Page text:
Hard to believe, but Pam and I have been doing this website for more than half a decade -- that's five years in layman's terms.
It's been an adventure, and like most adventures, full of twists, turns and the unexpected. What started as an effort to spotlight the people and places of North Palm Beach has grown into a robust collection of travel articles, cruise news, photography, events throughout South Florida and another important segment we never envisioned at the start -- podcasts.
As you already know, podcasting (definition: "a digital audio file available for downloading or listening") has taken off like a rocket over the last few years, and I'm proud to say Pam was at the forefront. She actually launched her first podcast in 2016, and since then, has done hundreds. And just like the website, she has evolved them over time. From "WPAMM in Palm Beach," a takeoff on the radio nature of podcasting to "Pamme's Chitchat," which covered a wide range of topics.
Her latest incarnation is "Gigi in the 561," which launched at the beginning of the year. The name "Gigi" derives from what our eight-year-old granddaughter, Cate, calls her. And of course "561" is the Palm Beach area code.
If you haven't listened to it, you should. Along with her regular topics, she has introduced a series of interviews with fascinating people. It's tailor-made for what does Pam does best -- interact with people. As one of her recent subjects told me, "Pam is fabulous. I felt like we were sitting in my living room, having coffee together." I couldn't agree more.
You can find her page HERE, and an index of her interviews HERE. And know of someone who would make a good interview? EMAIL her a recommendation. By the way, you can also find her on ITUNES, PANDORA, Google, Spotify and many other platforms.
Best of all, Gigi is just getting started. "561," watch out!
A YEAR AGO TODAY, we were preparing to visit St. Nicholas Abbey on the island of Barbados, one stop on the 16-day Crystal Serenity holiday cruise. Read more about our trip by GOING HERE. While the pandemic kept us at home in 2020, photos may be the next best thing to being there.
RELATED PODCAST: Pamme's Chitchat
I am here today to solicit your Sorry vote.
No, I am not casting dispersions on your vote; I am soliciting your support for a kid game that some adults, like Pam and I, love to play. It's the board game, Sorry.
You have probably played it yourself at one point or another. The game originated in England from William Henry Story, who trademarked it in 1929. Parker Brothers acquired in 1934 and it's currently offered by Hasbro.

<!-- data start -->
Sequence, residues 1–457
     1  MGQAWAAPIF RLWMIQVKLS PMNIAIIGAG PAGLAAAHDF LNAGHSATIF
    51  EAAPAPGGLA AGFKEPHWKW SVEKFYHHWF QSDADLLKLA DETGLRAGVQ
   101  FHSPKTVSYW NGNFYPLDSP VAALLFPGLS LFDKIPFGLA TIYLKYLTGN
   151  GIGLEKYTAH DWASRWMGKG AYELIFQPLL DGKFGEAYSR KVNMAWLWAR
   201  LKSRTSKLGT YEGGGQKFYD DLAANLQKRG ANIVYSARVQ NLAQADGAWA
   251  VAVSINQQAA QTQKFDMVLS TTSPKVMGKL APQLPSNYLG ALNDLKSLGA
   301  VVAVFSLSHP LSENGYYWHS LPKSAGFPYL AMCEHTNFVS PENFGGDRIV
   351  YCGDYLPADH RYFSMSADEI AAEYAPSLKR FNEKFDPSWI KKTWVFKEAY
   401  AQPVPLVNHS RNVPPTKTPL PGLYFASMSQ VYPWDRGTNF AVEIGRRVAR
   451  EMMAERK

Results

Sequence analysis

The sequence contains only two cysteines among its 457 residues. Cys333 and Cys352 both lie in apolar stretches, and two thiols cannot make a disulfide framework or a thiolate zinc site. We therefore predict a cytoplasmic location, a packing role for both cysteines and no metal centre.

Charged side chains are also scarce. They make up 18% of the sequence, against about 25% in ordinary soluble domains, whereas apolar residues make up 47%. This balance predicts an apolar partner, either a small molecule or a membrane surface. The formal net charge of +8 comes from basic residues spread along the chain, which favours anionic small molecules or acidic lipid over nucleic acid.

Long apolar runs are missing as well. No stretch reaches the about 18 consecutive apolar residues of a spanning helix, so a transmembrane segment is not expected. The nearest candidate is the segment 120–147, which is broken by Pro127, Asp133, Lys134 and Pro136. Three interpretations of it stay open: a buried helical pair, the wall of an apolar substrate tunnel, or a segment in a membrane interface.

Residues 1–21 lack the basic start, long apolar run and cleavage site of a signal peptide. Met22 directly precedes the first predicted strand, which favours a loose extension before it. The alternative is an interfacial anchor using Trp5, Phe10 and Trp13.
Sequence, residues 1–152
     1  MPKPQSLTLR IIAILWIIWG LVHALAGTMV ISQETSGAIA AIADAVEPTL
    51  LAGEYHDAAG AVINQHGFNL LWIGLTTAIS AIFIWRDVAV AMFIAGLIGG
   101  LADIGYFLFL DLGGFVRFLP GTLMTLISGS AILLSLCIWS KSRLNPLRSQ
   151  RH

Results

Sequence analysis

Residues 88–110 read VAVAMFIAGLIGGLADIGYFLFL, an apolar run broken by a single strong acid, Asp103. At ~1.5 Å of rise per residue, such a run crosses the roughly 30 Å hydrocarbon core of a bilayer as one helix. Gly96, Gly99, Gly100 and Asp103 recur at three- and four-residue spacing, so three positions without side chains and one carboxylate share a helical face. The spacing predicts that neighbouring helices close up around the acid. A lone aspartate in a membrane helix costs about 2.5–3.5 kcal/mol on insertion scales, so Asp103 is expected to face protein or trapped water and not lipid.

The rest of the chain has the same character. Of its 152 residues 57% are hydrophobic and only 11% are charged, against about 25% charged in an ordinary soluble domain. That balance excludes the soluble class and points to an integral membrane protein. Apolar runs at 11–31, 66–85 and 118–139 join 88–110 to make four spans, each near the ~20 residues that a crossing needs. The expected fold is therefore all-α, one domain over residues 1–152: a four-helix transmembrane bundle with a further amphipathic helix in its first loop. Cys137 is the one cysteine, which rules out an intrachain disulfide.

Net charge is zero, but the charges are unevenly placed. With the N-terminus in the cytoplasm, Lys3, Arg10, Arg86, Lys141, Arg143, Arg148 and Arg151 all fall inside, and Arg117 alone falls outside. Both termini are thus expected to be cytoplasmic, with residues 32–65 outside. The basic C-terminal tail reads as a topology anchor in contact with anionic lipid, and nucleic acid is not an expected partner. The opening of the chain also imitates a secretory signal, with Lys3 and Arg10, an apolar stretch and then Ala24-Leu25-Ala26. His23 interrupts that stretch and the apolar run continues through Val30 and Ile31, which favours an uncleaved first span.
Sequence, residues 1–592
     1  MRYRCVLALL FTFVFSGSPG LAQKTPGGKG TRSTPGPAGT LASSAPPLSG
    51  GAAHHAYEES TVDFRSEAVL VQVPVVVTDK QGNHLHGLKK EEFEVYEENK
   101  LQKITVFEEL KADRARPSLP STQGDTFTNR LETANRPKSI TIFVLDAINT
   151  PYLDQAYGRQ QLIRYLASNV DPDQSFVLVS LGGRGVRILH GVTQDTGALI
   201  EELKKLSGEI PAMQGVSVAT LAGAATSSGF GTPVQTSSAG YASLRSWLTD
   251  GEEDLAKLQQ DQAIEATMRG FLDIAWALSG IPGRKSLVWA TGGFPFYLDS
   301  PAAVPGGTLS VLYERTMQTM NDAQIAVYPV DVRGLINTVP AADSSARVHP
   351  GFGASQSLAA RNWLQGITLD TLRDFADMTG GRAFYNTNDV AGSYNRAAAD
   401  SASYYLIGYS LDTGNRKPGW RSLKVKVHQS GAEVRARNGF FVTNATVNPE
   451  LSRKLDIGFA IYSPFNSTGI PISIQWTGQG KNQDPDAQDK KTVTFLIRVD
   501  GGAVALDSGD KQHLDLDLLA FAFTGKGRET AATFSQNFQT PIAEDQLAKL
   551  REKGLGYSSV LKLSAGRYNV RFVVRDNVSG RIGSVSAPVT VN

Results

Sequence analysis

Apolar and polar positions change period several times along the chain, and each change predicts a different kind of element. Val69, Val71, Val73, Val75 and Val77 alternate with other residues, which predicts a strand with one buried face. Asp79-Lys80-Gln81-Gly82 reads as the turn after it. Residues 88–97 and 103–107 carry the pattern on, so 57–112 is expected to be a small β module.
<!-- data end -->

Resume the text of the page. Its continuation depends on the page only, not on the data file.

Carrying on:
The game itself is not complicated, which is one of the reasons we like it. Each player has four tokens (mine are "men," Pam's are "women"). You draw cards to move them around the board and into your "home." The first one to get all four home wins.
The fun is in the cards. If you get an "11," you can switch places with other players. If you get a "7," you can divide it into two moves. If you get a "4," you move backwards four spaces. And it you get one of four "Sorry" cards you can send your opponent back to their home and say "Sorry!" But they know you probably don't mean it. For us, we find it best played with cocktails and snacks. One time we even played a life-size version on a Carnival cruise ship and won a trophy!
By the way, we prefer the Retro Edition of Sorry, which uses the original cards and board from those early days.
Now, about that vote. We just learned that "Sorry" is one of the nominees for this year's National Toy Hall of Fame, competing against the likes of Risk, Bingo, Baby Nancy, Lite-Brite and Yahtzee, to name a few. The public can vote once a day for their favorite by going to THIS LINK.
So as we all gear up to vote in the 2020 election, take a few minutes to cast a vote for Sorry. We promise not to send you home!
For more, listen to Pam's Podcast:
COVID-19 LOCKDOWN, DAY -- DOES IT MATTER?_ Okay. We have watched everything on Netflix and Amazon; have arthritic fingers from playing online games and exhausted our collection of recipe books. And while our relentless pursuit of the perfect cocktail continues, Pam and I decided maybe it was time to do some self-improvement. How about going to Yale?
It actually all started one evening when -- over cocktails -- we wondered what courses --preferably free --might be available online. A search on YouTube produced thousands of options. The one that really intrigued us the most was a Yale Course on "The American Revolution" with Professor Joanne B. Freeman.
It was a series of 25 lectures, each about 45 minutes or so, that covered the lead-up to the American Revolution, the Revolutionary War and the aftermath, when a new government was formed. Thanks to "Hamilton," U.S. history is hot, and while we loved the musical, we were both big history buffs long before Lin-Manual Miranda's masterpiece hit the stage.
So we set aside time every day to "attend class" and see what we could learn. Boy, did it ever over-deliver.
First off, we really connected with Prof. Freeman. I don't recall many of my teachers being so energetic and engaging. Plus, it was obvious from the start she had a deep knowledge of her subject matter.
Second, while you may think you know U.S. history from that time period, we learned so much more as Prof. Freeman did a deep dive into the people, events and attitudes that led to 13 colonies declaring their independence from Britain. For example, going to war was always seen as a last resort by the colonists, who only wanted to have the same rights and privileges as any other British subject.